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Governments must do more to fight alcohol harm says OECD

Even expensive interventions are cost-effective in cutting rates of heavy drinking and dependence

Louise Prime

Wednesday, 13 May 2015

The Organisation for Economic Co-operation and Development has warned of a worrying increase in risky drinking behaviours across OECD countries that is associated with higher rates of traffic accidents and violence, as well as increased risk of acute and chronic health conditions, and it has urged governments to do more to tackle the problem. The OECD also reported that alcohol consumption in the UK has increased over the past 30 years and the level is now higher than in many other OECD countries; however, the proportion of men and women in England who binge drink has fallen over the past few years, as has the proportion of young teenagers in England who’ve ever had a drink.

In Tackling harmful alcohol use: economics and public health policy, the OECD estimated that in 2011, an average of 10.6 litres of pure alcohol per capita was consumed in the UK, compared with 9.5 litres for the OECD as a whole. It said that, in the UK, the proportion of 15 year olds who have experienced alcohol increased from 71% in 2002 to 75% in 2010. But other data, for England alone, had found that the proportion of English pupils (aged 11-15) who had ever had a drink fell from 61% to 51% between 2001 and 2009.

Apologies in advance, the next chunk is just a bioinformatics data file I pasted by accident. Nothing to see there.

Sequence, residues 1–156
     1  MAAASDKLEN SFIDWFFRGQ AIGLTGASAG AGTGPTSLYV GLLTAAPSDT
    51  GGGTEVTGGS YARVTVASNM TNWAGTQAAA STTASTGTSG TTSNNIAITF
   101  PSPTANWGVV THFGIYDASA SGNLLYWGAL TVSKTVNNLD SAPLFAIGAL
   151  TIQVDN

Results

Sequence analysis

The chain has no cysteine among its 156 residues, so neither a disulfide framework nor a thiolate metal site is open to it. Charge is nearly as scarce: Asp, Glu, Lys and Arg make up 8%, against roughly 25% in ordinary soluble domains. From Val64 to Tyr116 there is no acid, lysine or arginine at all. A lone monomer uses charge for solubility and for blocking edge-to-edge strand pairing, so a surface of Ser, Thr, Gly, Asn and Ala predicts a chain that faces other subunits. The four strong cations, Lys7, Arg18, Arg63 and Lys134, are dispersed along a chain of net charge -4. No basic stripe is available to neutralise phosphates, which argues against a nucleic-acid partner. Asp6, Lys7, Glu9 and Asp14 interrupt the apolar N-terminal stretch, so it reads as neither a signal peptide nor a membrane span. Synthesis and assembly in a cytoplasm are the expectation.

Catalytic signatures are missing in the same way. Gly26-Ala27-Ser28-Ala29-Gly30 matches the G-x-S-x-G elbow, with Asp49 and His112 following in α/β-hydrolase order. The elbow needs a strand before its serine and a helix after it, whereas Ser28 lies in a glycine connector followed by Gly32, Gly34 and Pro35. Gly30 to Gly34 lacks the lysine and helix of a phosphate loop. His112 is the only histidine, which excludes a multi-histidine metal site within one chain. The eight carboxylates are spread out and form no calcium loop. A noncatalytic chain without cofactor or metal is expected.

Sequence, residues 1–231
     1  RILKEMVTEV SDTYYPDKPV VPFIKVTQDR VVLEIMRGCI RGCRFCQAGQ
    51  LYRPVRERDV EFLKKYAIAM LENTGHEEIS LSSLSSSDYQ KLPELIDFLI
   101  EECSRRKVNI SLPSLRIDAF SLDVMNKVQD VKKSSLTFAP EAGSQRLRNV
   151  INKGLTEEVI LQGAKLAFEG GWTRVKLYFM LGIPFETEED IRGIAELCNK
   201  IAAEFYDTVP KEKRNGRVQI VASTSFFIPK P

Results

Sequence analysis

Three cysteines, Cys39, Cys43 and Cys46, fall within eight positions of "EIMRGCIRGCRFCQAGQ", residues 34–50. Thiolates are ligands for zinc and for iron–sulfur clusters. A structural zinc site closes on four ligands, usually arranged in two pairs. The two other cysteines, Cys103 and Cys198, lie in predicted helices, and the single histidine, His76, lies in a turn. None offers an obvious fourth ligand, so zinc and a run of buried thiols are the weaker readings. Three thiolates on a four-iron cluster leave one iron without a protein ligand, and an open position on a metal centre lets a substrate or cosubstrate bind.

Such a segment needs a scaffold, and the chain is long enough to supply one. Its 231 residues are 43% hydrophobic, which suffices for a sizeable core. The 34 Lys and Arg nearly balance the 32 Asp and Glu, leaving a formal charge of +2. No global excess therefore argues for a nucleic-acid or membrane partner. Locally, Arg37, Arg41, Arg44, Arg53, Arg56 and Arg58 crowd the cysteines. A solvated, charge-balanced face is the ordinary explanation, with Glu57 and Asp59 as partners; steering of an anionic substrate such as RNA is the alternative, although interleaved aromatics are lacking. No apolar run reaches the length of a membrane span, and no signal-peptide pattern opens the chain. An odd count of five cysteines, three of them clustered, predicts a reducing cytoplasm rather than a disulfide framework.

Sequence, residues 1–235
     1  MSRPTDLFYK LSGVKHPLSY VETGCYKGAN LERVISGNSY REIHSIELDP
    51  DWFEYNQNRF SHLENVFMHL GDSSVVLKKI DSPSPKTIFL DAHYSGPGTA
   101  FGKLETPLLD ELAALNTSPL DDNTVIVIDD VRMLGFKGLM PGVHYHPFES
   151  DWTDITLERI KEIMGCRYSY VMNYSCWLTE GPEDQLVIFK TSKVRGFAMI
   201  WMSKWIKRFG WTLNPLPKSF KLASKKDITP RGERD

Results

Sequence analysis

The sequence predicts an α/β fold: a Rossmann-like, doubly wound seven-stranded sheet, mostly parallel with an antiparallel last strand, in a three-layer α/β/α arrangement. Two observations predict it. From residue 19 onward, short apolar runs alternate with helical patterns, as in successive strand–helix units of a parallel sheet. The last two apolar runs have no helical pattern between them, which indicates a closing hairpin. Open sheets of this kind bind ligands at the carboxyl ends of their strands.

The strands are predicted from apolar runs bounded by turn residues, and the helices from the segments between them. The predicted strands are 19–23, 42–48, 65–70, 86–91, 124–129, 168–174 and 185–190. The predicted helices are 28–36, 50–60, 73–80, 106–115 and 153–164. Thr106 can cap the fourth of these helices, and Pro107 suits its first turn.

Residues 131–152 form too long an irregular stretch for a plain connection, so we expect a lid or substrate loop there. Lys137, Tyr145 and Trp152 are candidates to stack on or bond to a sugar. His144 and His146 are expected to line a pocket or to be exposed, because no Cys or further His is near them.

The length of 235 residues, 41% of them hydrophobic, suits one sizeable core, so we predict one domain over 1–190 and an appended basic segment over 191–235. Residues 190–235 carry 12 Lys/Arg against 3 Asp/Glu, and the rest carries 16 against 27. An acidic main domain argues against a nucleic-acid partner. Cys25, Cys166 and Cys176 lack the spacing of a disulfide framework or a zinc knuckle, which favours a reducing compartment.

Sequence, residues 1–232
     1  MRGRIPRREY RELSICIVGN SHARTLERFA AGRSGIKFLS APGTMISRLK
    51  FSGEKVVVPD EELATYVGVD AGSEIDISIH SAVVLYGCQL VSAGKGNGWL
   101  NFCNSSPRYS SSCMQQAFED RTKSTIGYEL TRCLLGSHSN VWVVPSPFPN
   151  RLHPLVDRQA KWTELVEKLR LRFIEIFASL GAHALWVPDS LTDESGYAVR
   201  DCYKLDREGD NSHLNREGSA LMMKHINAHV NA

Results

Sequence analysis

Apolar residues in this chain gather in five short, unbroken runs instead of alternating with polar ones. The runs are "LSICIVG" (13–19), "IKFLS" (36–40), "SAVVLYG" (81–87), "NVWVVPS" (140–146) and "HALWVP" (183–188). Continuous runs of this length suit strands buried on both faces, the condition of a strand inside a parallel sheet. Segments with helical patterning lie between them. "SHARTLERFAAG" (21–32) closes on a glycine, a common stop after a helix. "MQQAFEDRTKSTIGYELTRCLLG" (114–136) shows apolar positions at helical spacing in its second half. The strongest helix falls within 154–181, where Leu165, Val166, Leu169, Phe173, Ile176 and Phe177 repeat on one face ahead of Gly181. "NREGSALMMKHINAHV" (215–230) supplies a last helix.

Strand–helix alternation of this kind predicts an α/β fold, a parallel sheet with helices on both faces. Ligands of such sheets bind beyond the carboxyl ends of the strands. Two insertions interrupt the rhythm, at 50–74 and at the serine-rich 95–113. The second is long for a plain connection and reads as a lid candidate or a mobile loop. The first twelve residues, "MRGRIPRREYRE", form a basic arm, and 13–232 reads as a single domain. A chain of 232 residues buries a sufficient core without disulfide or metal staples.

The report’s authors noted that in the UK, which has relatively high levels of taxation for all types of alcoholic beverages, there are large socio-economic disparities in hazardous drinking rates. In England, both men and women with high education are more likely to be hazardous drinkers than their less educated counterparts; whereas across the OECD as a whole, less educated men and better educated women are more likely to indulge in heavy drinking.

Across the OECD, most alcohol is drunk by the heaviest-drinking 20% of the population, and the same is true of England, where this group accounts for almost 63% of all alcohol consumed. Yet, in England, there has been a reduction in the proportion of men and women who binge drink (ie consume more than twice the NHS guidelines) – 15% of men and women in 2013, compared with 19% in 2006.

The OECD blamed the general rise in consumption partly on alcohol becoming more available, more affordable and more effectively advertised. But it pointed out that several policies have the potential to reduce heavy drinking, whether regular or episodic, as well as alcohol dependence, and it urged governments to use a range of those measures proven to be effective. It said an analysis of the impact of alcohol abuse prevention policies in Canada, Czech Republic and Germany had revealed that taking action can reduce rates of heavy drinking and alcohol dependence by 5-10%. It recommended that the heaviest drinkers are targeted first – for example GPs identifying harmful drinkers and encouraging them to start dealing with their problem and tougher enforcement of drink-driving laws – but said other approaches are sometimes needed, such as increasing taxation or imposing minimum unit pricing.

OECD secretary general Angel Gurría said: “The cost to society and the economy of excessive alcohol consumption around the world is massive, especially in OECD countries. This report provides clear evidence that even expensive alcohol abuse prevention policies are cost-effective in the long run and underlines the need for urgent action by governments.”

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